Why do we do it?

Trip Start Sep 30, 2005
Trip End Jun 04, 2006

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Flag of United Kingdom  ,
Wednesday, May 24, 2006

18 days in a row I've been working. I've enjoyed it, but as ever, working more means slowing down as the brain fries and the adrenalin of a new routine or special urgency wears off. But why? If I knew that, I'd probably be immeasurably smarter and richer than I am. Personally, I can only equate it to personal pride, the desire to avoid a car crash, and the sheer buzz of trying to overcome the odds. We've got no right to expect to achieve what we're trying to do, but if we can do it we know it will feel great. This, I believe to some extent, but it's somewhat ephemeral and I don't know what it really means in terms of motivation or benefits.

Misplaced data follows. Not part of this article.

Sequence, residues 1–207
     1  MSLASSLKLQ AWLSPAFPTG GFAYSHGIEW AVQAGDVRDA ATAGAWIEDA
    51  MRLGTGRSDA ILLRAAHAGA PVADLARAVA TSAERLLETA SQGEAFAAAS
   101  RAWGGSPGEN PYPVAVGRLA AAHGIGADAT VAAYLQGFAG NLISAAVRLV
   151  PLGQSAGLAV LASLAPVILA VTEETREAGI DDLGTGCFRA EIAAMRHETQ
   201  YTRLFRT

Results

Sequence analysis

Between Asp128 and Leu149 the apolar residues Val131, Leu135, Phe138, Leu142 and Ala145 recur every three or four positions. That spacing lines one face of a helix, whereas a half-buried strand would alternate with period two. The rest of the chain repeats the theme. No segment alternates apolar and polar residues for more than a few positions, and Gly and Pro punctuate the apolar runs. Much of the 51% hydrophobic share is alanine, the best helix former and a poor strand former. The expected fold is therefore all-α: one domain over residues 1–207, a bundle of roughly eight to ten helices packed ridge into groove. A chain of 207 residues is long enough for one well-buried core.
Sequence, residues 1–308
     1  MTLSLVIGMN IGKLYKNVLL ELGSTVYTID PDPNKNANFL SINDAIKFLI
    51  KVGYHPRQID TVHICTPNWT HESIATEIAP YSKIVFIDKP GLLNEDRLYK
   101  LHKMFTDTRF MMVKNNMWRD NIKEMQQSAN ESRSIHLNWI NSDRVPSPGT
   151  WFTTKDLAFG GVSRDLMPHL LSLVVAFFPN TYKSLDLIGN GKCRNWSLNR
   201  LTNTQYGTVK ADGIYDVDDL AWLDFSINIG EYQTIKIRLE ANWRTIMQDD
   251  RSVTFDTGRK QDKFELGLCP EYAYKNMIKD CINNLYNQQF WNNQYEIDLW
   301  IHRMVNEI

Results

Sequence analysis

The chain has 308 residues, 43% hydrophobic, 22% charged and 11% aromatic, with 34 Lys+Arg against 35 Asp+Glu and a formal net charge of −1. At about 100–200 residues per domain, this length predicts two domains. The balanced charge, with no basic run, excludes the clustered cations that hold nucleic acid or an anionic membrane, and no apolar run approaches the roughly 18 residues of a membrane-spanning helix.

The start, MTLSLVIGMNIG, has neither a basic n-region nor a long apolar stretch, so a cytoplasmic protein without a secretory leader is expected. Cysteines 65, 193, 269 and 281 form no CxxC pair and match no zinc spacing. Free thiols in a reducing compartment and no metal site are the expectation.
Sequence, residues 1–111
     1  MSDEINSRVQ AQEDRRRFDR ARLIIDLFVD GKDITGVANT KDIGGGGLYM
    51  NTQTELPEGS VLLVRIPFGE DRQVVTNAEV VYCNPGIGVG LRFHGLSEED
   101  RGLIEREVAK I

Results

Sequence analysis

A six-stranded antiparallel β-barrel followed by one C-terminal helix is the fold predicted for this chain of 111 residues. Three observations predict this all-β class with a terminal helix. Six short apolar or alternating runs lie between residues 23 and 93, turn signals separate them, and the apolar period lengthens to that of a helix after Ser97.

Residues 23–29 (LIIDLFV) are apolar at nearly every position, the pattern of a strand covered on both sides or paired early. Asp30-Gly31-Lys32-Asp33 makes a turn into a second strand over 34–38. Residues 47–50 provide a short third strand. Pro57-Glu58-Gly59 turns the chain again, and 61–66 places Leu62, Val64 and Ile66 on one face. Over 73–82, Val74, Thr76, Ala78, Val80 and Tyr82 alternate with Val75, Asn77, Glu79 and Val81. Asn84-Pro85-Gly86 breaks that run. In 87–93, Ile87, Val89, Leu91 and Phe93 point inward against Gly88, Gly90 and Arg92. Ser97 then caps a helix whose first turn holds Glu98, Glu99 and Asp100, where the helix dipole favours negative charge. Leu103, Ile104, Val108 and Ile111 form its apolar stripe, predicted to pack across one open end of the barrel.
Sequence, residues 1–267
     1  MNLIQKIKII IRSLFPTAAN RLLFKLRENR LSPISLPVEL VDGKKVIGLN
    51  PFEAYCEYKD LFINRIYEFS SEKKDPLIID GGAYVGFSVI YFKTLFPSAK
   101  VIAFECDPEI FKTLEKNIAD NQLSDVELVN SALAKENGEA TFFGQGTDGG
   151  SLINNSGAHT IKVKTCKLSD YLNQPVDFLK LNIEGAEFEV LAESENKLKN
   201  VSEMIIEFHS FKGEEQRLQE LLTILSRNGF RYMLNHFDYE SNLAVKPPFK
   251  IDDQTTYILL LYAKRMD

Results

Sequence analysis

When it gets really tough we have to get more pragmatic, and I like this more. You ask some really hard questions and can't be afraid of speaking unspeakable answers. In terms of personal motivation, there's an element of not giving up. We are looking for a solution, any solution. We understand what we'd like it to be, but we can't have that, but we aren't going to give up. There is a pragmatism and pride to this that I love, but above all there's an undying desire not to be defeated, and I wonder if somewhere, deep down, that's one of my defining national characteristics. In saying this, I do not mean to echo the rhetoric of Churchill, but merely to try to rationalise why we are working so hard to achieve something we're not being paid extra to achieve. It's there in Michele's face and undoubtedly in mine: fatigue, concern, and yet that perverse and undying determination which says that however bad we feel, we're not giving up. From that alone, a mutual respect is born. In the film, The Bridge over the River Kwai, it's described as, "...the kind of guts that will get us all killed." There are no guns here, but it's not a health existence. The almost irrational determination holds strong and I'm trying to make it go as far as it will. Pride is a strange thing - but I'm proud of my pride, if that's not too much of a self-fulfilling phrase.
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